In his new book, Seditions, Confusion, and Tumult: Why Reformation Europe Thoguht Anabaptism would Destroy Society, recent TMTC alumnus Layton Friesen (PhD '17) explores the bitter opossition to Anabaptism in the 16th century.
Layton says that "the research and writing of this book was my attempt to answer a question: how was it that Anabaptists, heralded by modern Mennonites as beautiful, humble, biblical, peaceful, generous Christians, were almost universally hated and despised by those responsible for public order in Reformation Europe? Why did these people pose such an existential threat to the very fabric of civilisation? The answers I began to see took me beyond the Bender school’s confessional history of the Anabaptists, but also beyond the more recent social history neglect of theology as an important drive in people’s lives. I think this has something significant to show us about what happens when our faith convictions do really marinate into the flesh of our daily life in society."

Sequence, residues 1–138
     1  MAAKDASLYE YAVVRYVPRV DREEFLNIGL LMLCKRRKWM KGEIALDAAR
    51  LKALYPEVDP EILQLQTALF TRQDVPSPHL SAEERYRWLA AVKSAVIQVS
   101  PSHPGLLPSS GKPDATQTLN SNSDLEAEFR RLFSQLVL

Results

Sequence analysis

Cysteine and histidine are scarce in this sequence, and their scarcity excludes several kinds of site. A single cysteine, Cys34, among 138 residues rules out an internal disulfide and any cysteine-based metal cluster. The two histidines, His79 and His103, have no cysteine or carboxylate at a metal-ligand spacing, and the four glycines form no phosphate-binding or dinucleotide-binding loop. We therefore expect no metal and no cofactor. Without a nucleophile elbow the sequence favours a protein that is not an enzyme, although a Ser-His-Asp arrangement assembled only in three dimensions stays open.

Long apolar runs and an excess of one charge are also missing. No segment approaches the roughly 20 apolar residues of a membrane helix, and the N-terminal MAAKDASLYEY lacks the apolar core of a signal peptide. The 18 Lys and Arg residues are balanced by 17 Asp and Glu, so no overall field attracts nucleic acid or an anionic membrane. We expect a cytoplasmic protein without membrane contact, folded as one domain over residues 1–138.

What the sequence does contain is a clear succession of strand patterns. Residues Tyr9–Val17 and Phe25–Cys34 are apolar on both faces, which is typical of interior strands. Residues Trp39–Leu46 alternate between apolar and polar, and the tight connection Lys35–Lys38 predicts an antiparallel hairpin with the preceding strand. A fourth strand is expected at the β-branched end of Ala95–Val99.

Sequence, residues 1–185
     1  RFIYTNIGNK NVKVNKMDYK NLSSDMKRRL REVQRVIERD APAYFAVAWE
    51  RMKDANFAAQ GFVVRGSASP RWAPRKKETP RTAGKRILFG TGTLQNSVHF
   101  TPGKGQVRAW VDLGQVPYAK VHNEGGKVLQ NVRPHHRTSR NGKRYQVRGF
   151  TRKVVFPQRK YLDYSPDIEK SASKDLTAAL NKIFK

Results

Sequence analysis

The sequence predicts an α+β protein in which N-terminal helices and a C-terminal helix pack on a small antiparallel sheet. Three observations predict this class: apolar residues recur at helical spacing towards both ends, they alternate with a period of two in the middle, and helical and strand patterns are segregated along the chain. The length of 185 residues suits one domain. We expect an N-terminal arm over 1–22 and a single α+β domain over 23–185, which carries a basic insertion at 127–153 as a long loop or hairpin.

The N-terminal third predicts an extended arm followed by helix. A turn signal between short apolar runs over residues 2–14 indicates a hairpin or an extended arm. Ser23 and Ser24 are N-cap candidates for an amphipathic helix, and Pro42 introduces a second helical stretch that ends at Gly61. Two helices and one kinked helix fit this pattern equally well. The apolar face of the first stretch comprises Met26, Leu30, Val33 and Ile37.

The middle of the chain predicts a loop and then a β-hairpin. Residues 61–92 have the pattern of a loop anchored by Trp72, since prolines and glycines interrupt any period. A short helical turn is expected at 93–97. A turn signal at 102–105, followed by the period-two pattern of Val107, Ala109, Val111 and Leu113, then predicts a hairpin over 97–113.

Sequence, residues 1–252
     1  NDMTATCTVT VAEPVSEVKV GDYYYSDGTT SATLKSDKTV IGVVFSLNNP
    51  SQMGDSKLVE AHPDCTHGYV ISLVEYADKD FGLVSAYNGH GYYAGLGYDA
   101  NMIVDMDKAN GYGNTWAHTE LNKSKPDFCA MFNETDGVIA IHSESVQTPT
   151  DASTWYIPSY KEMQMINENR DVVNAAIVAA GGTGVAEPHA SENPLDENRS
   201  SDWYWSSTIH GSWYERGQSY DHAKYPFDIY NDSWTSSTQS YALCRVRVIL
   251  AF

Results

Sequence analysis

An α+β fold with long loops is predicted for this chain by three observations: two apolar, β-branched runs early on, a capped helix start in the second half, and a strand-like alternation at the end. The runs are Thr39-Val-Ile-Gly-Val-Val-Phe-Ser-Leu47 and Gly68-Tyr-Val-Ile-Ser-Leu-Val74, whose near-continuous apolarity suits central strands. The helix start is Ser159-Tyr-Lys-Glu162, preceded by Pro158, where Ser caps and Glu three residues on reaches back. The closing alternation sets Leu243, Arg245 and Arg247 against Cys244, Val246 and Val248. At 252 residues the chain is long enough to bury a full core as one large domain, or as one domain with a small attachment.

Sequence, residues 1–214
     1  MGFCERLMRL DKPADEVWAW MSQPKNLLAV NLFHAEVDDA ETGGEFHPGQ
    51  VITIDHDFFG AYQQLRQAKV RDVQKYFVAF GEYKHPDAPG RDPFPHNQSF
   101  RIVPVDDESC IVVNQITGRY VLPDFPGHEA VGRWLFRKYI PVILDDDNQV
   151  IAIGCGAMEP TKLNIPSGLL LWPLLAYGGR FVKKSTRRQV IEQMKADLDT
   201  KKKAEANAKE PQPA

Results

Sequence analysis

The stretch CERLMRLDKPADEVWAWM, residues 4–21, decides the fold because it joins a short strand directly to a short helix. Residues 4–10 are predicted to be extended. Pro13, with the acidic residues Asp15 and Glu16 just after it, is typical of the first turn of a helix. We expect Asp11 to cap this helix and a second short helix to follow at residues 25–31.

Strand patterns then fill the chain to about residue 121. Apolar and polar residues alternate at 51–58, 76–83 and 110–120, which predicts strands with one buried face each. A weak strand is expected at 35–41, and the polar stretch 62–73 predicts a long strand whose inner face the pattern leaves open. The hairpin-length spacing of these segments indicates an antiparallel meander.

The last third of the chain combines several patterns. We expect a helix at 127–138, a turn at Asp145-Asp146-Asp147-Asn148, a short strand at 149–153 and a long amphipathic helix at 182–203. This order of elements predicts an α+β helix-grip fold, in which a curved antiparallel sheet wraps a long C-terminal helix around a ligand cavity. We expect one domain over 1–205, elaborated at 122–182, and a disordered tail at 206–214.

In his Foreword, Professor John D. Roth suggests that "by attempting to enter into the worldview of those that persecuted Anabaptists—while also acknowledging the frailties, weaknesses, and inconsistencies of one's own tradition—Friesen offers a poignant example of a nonviolent approach to scholarship, thereby bearing witness to the traditon that has shaped him."